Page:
Taking Programming Skills to the Next Level
Interested in learning advanced Python concepts? Searching for a high school course that is challenging, yet fun and engaging? For those who have taken Foundations of Programming (FOP), Procedural Programming is a new course at FLVS that allows students to tackle advanced concepts in computer science.
Procedural Programming has six modules that build upon the concepts taught in FOP while allowing students to design programs based on their own interests. The concepts use real-world examples students relate to.
The course does a great job of overlapping and reviewing the concepts students learn in Foundations of Programming. The first module focuses on writing basic algorithms while reviewing coding concepts learned in the previous course. Data structures, documenting, and debugging are also taught in Module One. The first two programming assignments in the course provide students with guiding criteria while allowing students to come up with the program topic based on their hobbies or interests. As a teacher, it is neat to see how creative the students are!
The second and third modules provide deeper application using the Math module, working with selection statements, iterations, and even recursion. A favorite assignment in Module Three is the Adventure Game program. Students create a suggested game or develop an original concept. During the design and creation of the program, they are challenged to use the concepts of Decomposition, Pattern Recognition, Algorithmic Design, and Generalize & Assess. The final assignment in the first segment allows the student to explore Integrated Development Environments (IDEs) outside of the course. The student is tasked with comparing and contrasting at least two different IDEs.
In the second segment of Procedural Programming, students demonstrate their ability to create programs that work with reading external files and data analysis. Module Five covers the important concepts of Cryptography. Students are asked to write about different methods of security based upon scenarios, as well as why encryption is important. The course finishes with a capstone project. Students choose from three real-world scenarios and come up with a solution to the identified problem. The project allows students to demonstrate the use of almost every concept learned, while providing them a programming opportunity that is realistic to the workplace.
By allowing students to expand upon the concepts learned in Foundations of Programming into real world applications, Procedural Programming is a must for students who want to take their programming skills to the next level.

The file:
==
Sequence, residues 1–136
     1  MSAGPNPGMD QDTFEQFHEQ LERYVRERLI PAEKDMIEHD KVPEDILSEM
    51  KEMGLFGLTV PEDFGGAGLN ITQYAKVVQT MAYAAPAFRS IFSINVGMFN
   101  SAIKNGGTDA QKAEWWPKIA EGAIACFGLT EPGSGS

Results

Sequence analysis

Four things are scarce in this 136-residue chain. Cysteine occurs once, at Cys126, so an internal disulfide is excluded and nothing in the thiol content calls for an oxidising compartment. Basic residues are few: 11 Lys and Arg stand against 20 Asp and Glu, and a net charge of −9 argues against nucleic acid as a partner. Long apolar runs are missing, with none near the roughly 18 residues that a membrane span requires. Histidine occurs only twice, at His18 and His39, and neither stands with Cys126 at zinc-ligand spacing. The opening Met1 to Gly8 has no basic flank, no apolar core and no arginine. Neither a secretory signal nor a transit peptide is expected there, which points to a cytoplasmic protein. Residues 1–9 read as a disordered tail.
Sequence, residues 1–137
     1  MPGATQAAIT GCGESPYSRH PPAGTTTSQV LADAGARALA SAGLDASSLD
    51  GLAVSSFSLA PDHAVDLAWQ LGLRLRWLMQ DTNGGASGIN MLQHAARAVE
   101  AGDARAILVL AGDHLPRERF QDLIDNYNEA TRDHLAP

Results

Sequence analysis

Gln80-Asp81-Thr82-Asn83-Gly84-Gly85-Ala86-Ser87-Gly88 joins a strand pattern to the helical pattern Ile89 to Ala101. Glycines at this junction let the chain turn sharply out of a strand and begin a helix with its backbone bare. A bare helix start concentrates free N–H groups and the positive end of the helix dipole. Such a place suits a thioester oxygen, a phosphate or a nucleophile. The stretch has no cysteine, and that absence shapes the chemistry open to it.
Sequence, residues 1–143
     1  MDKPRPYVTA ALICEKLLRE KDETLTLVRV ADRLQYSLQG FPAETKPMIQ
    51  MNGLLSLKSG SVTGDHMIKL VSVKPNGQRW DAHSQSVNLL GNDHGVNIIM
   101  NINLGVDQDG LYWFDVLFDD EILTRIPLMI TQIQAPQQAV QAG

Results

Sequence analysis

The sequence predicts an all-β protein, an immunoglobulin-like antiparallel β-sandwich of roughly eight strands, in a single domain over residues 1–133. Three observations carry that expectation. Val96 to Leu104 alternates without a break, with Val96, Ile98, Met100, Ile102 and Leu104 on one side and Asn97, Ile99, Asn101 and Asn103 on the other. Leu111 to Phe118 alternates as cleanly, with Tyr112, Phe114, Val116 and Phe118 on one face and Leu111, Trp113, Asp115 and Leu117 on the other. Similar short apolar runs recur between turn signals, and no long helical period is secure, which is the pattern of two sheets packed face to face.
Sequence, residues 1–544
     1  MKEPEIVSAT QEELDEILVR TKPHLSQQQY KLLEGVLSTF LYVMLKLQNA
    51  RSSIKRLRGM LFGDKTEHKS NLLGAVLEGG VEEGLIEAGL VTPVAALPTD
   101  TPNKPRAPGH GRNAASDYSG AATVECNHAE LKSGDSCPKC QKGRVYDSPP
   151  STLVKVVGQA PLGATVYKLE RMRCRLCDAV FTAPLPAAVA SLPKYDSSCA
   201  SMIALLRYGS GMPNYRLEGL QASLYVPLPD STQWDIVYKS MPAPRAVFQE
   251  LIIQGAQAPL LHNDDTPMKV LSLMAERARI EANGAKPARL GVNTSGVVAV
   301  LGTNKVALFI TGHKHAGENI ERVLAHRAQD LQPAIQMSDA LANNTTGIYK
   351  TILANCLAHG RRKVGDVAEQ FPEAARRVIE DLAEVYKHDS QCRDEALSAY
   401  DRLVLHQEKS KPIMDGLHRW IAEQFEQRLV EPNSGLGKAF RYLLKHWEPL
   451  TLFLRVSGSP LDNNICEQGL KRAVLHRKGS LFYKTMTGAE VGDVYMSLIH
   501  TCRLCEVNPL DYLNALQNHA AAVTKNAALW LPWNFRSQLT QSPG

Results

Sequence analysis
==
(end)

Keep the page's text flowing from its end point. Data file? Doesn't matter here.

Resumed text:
Post by Dawn Evans, FLVS Lead Computer Science Instructor
Image Credit: Noah, FLVS Middle School Student
If these courses are taken consecutively are they considered AP Capstone and is there a special diploma that is given upon graduation?
We recommend Foundations of Programming and then Procedural Programming. It’s not considered part of AP Capstone and there is not a special diploma at graduation.
I wonder if I can take these in cambrige when I start college
How does Foundations of Programming (FOP), Procedural Programming (PP) compare with or fit in with the course AP: Computer Science A?
Should FOP and PP be taken before the AP Computer Science course?
I would definitely recommend taking Foundations of Programming and Procedural Programming before AP Computer Science as they introduce many of the concepts in AP Comp Sci. It would be ideal to take FoP and/or PP during 9th or 10th grade.
There are many programming classes offered through FLVS. My question is after taking Digital Information Technology, how does one decide which courses to take? Thanks for sharing your insights! I appreciate a knowledgeable perspective!
Taking DIT (Digital Information Technology) is a great first course on your path to learn programming! Once you complete it, give Foundations of Programming a try! It will introduce you to the Python programming language.
For the Foundations of Programming and Procedural Programming classes, do you get certified in Python? Also, are these two classes weighted 4.5 or 5.0?
Both courses are honors level and would result in 0.5 weighting. We do have industry certification opportunities after both courses, not necessarily Python certification, however.
Is it possible for a student to take module 1 one summer, and module 2 the next summer, or would it be too much of a challenge to remember everything that far apart?
Hi Julie — Yes, you can take one module at a time. If you need help scheduling your future courses, don’t hesitate to reach out to your school counselor to discuss your progress and course options! 🙂